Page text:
Meet Jenifer, a self-described epilepsy awareness advocate who maintains her own dedicated Facebook page to share her unique personal insight into living with the condition.

Jenifer, what is a normal day in your life?

"I'm seizure free at the moment, so a day in my life generally would consist of waking up, taking my medication, having a healthy lifestyle, and lots of sleep.


Generally, I live a normal life - as anyone else would."



What type of epilepsy do you live with?

"I have generalised epilepsy, I have tonic and clonic seizures, which are compulsive seizures."



What aspects of your life has epilepsy affected?

"As a child, I was diagnosed quite young when I was 10 years old. I found that it affected my social life. It was very isolated and hard for me to make friends and interact socially. As an adult, I am now in my early 30's. It's affected me when I'd been unable to drive - that has been difficult to get around. Other than that, it's not made a huge impact.


I am now driving and I am now seizure free, so that has been easier; but yeah, I have experienced impacts."



What is the most common misconception that people have of your condition?

"I feel as though a lot of people in the community think that epilepsy is rare; it is actually very common. I also believe that a lot of people think there's only one type of seizures, where there is actually many different seizure types."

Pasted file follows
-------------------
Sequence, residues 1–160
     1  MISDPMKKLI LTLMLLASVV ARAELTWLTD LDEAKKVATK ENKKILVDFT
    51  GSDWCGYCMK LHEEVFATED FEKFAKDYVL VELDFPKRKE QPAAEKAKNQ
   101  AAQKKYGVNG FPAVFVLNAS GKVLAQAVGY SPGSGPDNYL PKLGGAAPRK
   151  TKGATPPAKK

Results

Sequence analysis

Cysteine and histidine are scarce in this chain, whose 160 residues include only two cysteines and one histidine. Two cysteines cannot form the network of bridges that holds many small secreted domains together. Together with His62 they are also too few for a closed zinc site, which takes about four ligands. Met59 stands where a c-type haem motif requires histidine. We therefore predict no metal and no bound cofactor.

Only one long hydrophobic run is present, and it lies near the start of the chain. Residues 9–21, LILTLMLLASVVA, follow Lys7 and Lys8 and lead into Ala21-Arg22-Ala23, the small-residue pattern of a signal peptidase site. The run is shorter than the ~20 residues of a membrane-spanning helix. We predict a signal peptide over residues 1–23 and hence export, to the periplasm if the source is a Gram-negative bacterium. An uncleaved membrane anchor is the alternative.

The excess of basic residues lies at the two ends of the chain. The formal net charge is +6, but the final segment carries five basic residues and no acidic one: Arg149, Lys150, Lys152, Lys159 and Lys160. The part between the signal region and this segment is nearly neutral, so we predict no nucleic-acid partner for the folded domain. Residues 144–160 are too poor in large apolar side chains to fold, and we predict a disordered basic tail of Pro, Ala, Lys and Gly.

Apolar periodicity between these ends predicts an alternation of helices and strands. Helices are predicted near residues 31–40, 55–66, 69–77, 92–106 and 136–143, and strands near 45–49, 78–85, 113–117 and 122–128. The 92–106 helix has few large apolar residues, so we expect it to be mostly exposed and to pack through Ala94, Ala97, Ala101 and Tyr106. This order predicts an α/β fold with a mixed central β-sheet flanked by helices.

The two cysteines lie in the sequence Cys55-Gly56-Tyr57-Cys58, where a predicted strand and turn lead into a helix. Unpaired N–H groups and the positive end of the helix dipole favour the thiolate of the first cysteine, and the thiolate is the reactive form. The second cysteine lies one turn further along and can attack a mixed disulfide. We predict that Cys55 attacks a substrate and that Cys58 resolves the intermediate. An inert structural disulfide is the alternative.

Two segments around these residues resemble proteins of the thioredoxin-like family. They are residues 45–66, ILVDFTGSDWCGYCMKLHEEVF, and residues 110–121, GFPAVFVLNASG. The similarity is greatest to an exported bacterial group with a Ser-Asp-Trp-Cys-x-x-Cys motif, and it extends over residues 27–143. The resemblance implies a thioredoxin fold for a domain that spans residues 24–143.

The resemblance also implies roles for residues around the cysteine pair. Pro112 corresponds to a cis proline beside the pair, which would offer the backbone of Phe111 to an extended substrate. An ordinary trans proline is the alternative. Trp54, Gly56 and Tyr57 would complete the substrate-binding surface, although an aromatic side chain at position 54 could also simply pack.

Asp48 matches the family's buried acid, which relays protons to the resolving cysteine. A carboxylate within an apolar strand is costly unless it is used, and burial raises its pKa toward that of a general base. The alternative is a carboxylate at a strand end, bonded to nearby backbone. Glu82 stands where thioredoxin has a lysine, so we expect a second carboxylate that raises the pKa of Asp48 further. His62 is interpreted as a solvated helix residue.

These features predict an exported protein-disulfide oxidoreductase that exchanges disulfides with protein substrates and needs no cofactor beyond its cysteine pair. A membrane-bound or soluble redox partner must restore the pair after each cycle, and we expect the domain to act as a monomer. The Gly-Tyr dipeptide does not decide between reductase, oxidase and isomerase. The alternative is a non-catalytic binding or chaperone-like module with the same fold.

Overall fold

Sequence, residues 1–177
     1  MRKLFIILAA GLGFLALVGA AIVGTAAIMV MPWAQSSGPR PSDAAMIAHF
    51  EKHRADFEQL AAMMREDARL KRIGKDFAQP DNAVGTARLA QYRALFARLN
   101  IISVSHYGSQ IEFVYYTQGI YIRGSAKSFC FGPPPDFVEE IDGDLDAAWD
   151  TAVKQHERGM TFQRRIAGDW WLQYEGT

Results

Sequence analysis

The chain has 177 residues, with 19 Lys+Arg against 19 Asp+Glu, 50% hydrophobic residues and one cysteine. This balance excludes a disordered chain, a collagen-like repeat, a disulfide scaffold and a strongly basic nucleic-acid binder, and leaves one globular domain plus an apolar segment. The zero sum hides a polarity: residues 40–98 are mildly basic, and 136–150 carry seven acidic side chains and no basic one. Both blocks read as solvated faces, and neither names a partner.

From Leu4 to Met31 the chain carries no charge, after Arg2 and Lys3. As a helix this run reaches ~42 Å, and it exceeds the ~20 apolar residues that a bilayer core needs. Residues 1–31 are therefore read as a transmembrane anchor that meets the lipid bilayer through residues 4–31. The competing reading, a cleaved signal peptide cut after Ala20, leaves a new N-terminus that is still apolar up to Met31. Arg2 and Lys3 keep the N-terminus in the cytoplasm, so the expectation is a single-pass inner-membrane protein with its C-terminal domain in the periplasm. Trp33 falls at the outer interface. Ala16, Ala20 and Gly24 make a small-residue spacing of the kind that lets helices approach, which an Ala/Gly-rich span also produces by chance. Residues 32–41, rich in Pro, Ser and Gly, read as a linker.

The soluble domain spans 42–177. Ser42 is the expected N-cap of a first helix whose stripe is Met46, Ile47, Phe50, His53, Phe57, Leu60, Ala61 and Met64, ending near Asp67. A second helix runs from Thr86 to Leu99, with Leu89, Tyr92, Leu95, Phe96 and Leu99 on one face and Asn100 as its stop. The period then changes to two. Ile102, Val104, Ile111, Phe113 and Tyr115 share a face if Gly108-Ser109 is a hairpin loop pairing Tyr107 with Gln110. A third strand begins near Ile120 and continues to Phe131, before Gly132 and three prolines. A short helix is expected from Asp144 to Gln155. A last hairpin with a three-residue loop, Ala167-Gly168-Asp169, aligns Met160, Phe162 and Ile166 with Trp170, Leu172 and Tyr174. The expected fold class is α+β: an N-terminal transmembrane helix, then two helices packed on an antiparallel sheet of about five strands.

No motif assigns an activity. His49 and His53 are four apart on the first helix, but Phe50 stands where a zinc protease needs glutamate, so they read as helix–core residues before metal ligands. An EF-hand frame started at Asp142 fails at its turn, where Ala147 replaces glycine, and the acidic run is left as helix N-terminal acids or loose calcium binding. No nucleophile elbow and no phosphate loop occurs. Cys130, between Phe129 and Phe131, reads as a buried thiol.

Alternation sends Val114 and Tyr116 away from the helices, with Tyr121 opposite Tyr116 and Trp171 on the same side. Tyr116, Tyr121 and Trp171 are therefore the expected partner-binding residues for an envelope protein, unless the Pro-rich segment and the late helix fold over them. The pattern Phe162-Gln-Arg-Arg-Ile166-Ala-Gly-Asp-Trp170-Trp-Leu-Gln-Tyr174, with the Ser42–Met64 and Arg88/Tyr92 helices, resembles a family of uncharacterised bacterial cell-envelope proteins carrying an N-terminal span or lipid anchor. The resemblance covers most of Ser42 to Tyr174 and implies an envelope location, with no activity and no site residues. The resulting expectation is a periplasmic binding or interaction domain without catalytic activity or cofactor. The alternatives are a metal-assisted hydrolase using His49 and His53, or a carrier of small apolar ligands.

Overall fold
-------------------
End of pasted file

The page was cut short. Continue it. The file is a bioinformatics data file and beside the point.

What would you like the general public to most understand about living with epilepsy?

"That epilepsy is not actually rare, it's quite common. There is not just one type of seizure, but there are many types of seizures.


So I think that it is very important that people know that, and also that there are people in the local community that can offer you support and understand exactly what you are going through - because they have experienced it themselves."



How would Purple Laces Month benefit you or anyone with epilepsy?

"I think it's really important. The funds from the sale of Purple Laces can help with seminars and things like that, so it's really important that we raise them in order to do more in the community to raise awareness."



How important do you feel Epilepsy WA is in supporting people living with epilepsy here in this state?

"[The support groups are] very important to me. I feel as though it's a good way for people with epilepsy to connect with other people with epilepsy. People like them can relate with me and the community, and understand really what we are going through.


Also, I feel that it's important to have an association in every state. Epilepsy WA is a go-to place: you know that you're going to have support, accurate information, and answers to any questions that you might need. There's many available resources which is fantastic, and we can do more working together to raise community awareness."



Are there any other comments that you would like to make?

"I feel as though the community in the way of awareness is doing really well. It's come a long way from where epilepsy was ten years ago - or even twenty years ago when I was diagnosed.


People are becoming more educated and more aware about epilepsy, which I think is fantastic."

Thank you for your support!


For more information, visit the official Epilepsy WA website here.


Follow the Epilepsy WA Facebook page here.